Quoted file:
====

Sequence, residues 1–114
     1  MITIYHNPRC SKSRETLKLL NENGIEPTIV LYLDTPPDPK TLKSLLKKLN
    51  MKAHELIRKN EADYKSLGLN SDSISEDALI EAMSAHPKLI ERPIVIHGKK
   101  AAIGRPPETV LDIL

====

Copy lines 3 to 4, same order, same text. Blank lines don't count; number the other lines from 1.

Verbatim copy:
    51  MKAHELIRKN EADYKSLGLN SDSISEDALI EAMSAHPKLI ERPIVIHGKK
   101  AAIGRPPETV LDIL